New PwC recruits to set their own hours under flexible working scheme

 
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46 per cent of 2000 surveyed UK workers believed balanced and flexible working was the most important factor when choosing a job (Source: Getty)

Accounting giant PwC has scrapped the traditional nine-to-five week in favour of flexible hours for certain roles.


Applicants to the Flexible Talent Network will be able to choose a working pattern that suits them in a bid to attract more diverse talent that may have previously dismissed the firm.

Employees will be appointed to projects based on their skills and chosen hours, which could range from shorter days to only working a few months a year.

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Research carried out by the firm showed that 46 per cent of 2000 workers surveyed believed balanced and flexible working was the most important factor when choosing a job.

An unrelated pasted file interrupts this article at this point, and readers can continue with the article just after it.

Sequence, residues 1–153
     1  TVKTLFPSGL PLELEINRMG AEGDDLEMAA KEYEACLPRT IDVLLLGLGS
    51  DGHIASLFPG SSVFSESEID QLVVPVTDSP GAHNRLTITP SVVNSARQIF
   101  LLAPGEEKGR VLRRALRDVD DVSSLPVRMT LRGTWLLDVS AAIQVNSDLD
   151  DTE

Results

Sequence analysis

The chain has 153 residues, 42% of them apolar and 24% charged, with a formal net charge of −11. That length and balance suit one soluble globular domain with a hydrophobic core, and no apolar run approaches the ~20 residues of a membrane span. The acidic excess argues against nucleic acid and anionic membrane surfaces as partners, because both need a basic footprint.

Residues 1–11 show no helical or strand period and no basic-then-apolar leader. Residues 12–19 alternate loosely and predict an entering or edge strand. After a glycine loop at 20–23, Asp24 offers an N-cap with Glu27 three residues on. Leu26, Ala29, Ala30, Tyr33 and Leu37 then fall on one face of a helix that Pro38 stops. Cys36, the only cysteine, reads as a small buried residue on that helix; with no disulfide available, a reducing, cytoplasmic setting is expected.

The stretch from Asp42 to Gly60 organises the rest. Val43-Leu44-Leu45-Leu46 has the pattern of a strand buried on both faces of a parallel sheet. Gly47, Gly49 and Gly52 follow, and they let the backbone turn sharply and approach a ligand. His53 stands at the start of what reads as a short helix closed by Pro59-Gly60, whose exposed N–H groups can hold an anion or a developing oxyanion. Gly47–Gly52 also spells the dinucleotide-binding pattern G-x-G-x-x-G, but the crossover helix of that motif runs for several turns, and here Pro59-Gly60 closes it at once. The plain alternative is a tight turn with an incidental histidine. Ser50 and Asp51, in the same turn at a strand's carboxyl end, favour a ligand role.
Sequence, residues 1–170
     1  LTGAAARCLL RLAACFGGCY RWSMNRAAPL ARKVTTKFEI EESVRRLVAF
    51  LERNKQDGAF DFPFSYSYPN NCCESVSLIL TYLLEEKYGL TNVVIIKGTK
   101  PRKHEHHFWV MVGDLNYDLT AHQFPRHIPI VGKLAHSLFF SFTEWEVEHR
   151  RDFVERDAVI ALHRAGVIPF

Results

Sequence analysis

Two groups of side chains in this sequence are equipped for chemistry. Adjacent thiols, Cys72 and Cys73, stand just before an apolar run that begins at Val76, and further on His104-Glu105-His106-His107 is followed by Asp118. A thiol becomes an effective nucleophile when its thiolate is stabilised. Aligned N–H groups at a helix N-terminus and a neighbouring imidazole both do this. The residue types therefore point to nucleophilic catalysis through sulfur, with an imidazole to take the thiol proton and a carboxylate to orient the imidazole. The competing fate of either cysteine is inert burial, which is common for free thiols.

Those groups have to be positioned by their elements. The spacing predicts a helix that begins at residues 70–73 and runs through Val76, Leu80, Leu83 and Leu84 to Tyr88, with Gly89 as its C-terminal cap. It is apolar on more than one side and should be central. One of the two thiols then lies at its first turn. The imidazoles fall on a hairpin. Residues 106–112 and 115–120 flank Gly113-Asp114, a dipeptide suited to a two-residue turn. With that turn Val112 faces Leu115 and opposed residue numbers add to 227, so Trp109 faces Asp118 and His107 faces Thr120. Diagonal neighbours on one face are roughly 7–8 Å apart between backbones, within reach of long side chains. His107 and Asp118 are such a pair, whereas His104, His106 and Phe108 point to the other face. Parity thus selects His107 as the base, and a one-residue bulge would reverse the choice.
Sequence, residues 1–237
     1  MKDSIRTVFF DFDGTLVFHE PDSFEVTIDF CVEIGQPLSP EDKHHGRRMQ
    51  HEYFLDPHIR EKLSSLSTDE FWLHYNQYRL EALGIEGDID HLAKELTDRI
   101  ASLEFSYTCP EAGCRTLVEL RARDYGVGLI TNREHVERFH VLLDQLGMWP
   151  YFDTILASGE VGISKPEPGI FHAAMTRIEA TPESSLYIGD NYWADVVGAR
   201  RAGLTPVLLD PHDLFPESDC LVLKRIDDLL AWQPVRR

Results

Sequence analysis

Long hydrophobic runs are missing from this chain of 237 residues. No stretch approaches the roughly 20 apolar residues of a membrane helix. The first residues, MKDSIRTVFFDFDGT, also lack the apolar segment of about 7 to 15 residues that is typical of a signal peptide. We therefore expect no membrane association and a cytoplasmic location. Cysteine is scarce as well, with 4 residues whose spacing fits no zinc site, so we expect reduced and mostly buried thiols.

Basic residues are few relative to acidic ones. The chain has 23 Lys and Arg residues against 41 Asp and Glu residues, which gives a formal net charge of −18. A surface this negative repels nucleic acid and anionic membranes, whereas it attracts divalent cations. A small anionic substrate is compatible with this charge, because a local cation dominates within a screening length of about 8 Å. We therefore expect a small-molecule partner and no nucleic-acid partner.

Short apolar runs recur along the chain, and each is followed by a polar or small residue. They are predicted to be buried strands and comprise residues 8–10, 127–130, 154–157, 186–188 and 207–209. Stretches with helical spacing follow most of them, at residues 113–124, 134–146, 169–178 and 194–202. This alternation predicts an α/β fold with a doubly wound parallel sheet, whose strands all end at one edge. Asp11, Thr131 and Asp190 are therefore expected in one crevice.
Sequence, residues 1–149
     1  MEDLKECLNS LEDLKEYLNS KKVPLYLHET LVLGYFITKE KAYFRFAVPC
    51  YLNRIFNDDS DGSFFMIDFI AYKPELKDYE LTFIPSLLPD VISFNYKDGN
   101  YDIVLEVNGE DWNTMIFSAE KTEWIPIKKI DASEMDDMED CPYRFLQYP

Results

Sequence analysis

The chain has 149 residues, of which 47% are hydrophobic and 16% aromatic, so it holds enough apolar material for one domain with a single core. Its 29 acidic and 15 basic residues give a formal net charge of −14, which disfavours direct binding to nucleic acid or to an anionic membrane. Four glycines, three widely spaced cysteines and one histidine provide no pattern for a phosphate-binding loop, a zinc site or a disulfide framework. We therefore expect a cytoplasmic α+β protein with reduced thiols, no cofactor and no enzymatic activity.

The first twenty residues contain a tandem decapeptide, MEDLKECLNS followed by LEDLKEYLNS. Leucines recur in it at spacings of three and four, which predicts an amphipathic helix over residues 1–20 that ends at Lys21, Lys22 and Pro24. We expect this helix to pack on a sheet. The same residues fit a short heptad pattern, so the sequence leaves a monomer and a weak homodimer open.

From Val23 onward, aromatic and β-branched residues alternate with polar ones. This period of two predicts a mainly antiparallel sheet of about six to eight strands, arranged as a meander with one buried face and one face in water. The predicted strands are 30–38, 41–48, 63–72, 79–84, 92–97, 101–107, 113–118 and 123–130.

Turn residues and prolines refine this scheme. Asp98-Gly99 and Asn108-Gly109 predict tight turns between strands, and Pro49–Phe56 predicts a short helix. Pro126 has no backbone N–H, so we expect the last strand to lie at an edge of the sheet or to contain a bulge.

PwC chief people officer Laura Hinton said: "People assume that to work at a big firm they need to follow traditional working patterns - we want to make it clear that this isn’t the case.

"In order to recruit the best people, we recognise that we need to offer greater flexibility, different working options and a route back in for those looking to restart their careers."

The company is also recruiting the next intake for its Back to Business return to work internship programme for senior professionals.

Similarly, KPMG introduced a Return to Audit scheme in May to aid those rejoining the workforce after taking time out, and it is considering rolling it out into other areas of the business.

The scheme offers a range of working hours and an in-built six week holiday as leave to coincide with the end of the school year.

KPMG Head of People Anna Purchas said: "To get anyone who has left the profession for a while back up to speed there is an initial month of full time training, and with a second month of training and work shadowing until they are fully comfortable.

"That launched in May and we’ve had a huge number of applications already, so we are now in the process of rolling it out more widely across the business.”

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